"It saddens me to have to confront an organization I once considered a real ally in the fight against AIDS," says Mark McLaurin, Executive Director of NYSBGN. "But hiring artists who sing about setting fire to gays and lesbians for an AIDS benefit is reckless and irresponsible."

The New York State Black Gay Network will be launching The Campaign For Black Gay Men's Lives later this summer, targeting NYC Black Communities to help curb violence against Black gay men in NYC. To learn more, visit www.nysbgn.org.

To read the Human Rights Watch Report, Hated to Death: Homophobia, Violence, and Jamaica's HIV/AIDS Epidemic, visit http://hrw.org/reports/2004/jamaica1104/.

Some of the many articles on the protest are here.
AP's story on the blog protest is here.
Even CBS News covered it.

LIFEbeat's weak original response (they weren't engaging in any dialogue with the problematic artists) to the important questions the blogging collective asked was as follows:

LIFEBEAT STATEMENT ON REGGAE GOLD:

LIFEbeat's mission is to utilize the power of music to raise awareness and educate in the fight against HIV/AIDS. The Caribbean American community has been tremendously affected by the HIV/AIDS virus and has long kept silent about the epidemic's effect on their
community for fear of being stigmatized.

When planning the upcoming Hearts & Voices Reggae Gold concert, LIFEbeat's staff and board knew this event might raise concerns by some in the gay community and required careful consideration before proceeding. LIFEbeat's staff and board do not condone anti-gay lyrics or violence against anyone; they are an organization dedicated to promoting life. The staff and board also strongly believe that dialogue opens doors, creating the opportunity for enlightenment, growth and change amongst all involved. We all have an opportunity to look to the future, not the past, and join together in solidarity to educate, enlighten, be a part of positive change and save lives.


Jody L. Miller
JLM PR, Inc.
580 Broadway, Ste. 1208
New York, N.Y. 10012
p: 212.431.5227
f: 212.431.6818
e: jody@jlmpr.com

Representing: Russell Simmons and the Hip-Hop Summit Action Network;
Absolut Vodka; Level Vodka; Cassandra Wilson; The Songwriters Hall of
Fame; Cooking Vinyl label; Echo and the Bunnymen; Elisabeth Withers;
LIFEbeat, the Music Industry Fights AIDS; The Church; Killing Joke;
Janis Ian; American Women in Radio & Television's Gracie Allen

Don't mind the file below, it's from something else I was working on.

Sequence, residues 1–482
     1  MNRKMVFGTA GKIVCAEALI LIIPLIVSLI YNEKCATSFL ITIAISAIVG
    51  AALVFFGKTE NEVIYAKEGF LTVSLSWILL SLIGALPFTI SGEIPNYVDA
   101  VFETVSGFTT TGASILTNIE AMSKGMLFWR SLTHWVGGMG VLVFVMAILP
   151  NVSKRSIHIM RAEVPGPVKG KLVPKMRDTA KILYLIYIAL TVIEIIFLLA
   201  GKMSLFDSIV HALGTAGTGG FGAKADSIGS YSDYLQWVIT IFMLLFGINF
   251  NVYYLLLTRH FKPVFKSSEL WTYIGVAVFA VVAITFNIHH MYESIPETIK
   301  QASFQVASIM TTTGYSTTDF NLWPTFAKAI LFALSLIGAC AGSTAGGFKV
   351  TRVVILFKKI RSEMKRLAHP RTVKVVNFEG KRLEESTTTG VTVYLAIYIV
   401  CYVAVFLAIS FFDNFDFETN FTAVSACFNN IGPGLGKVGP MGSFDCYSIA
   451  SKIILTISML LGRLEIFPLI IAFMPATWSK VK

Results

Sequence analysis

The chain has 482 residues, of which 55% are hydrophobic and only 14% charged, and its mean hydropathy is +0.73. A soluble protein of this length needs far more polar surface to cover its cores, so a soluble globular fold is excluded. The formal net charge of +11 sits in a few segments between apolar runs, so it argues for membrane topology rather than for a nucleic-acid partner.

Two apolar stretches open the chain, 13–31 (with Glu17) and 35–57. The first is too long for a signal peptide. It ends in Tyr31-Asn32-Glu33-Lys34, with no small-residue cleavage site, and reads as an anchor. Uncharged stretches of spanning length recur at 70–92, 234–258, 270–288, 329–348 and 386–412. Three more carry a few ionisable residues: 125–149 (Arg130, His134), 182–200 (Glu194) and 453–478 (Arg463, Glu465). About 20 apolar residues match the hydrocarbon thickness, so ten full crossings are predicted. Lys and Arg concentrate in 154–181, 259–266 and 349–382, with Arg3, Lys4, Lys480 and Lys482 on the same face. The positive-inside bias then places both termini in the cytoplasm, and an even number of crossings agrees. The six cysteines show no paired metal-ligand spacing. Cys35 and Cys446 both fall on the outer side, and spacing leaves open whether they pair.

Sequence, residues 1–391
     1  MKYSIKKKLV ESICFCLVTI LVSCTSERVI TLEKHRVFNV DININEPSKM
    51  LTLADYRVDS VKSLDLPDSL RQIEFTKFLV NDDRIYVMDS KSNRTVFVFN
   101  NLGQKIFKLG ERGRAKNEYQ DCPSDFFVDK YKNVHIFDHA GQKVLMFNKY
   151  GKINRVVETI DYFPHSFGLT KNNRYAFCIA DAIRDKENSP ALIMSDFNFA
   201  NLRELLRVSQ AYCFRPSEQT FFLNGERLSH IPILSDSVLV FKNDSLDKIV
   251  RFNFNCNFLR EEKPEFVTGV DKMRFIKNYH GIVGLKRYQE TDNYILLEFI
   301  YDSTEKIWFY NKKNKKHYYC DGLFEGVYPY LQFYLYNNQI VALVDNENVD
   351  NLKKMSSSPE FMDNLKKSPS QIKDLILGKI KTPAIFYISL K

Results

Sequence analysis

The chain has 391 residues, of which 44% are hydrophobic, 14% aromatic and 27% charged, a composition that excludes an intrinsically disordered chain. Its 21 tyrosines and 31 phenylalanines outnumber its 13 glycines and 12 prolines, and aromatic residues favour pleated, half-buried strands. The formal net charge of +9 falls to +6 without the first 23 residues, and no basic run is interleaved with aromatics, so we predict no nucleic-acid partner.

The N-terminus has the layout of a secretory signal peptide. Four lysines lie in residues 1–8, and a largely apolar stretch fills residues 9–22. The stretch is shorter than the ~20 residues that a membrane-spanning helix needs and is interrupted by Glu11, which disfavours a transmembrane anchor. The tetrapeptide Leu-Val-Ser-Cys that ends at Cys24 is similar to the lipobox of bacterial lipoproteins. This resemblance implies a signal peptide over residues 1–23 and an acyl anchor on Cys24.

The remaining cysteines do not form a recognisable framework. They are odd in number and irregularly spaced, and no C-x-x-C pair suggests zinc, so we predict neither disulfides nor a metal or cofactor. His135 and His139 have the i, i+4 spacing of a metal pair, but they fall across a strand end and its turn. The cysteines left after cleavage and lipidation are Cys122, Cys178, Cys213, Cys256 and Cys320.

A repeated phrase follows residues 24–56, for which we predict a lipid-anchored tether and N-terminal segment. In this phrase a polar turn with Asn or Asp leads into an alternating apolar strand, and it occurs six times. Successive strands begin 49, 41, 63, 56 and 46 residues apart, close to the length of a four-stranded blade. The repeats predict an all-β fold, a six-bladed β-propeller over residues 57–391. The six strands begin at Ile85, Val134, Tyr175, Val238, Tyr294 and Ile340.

Awards; "Hip-Hop Won't Stop: The Beat, The Rhymes, The Life "-
Smithsonian Exhibit; Manhattan Center Studios.



Caribbean and Caribbean-American activists wrote the following excellent letter to John Canelli of LIFEbeat:

John Canelli
Executive Director
LIFEbeat
630 Ninth Avenue: Suite 1010
New York, NY 10036

Mr. Canelli:

LIFEbeat’s deliberate decision to have Jamaican artists Beenie Man and TOK headline your July 18 “Hearts & Voices” benefit concert has already provoked the outrage of many. As you are well aware, these are two of the most protested Caribbean artists as a result of virulently homophobic lyrics in their recent music that calls for the mutilation, murder or genocide of Gay and Lesbian people. Homophobia causes AIDS, and LIFEbeat’s decision to showcase these artists undermines Caribbean HIV prevention efforts. The offensiveness and disregard of this action towards a Caribbean community whose vulnerability and stigmatization are at the core of its risk for HIV, and the bad faith it creates for LIFEbeat and its work, undermine any possible benefit inclusion of those artists might have.

Your response to the harm your action does Caribbean GLBT communities, who are disproportionately affected by HIV, needs to go significantly beyond current calls for cancellation of these two acts. As Caribbean community leaders and activists diverse in race, gender and sexual orientation, we have come together to insist that LIFEbeat organize a new concert targeting our communities, this one with a distinctly GLBT-affirming message and artists. This would be consistent with your mission to use the power of music in the healing work of fighting HIV. We are also demanding that you apply the proceeds of such an event towards the fight against homophobia in Jamaica, by contributing them to the Jamaica Forum for Lesbians, AllSexuals & Gays.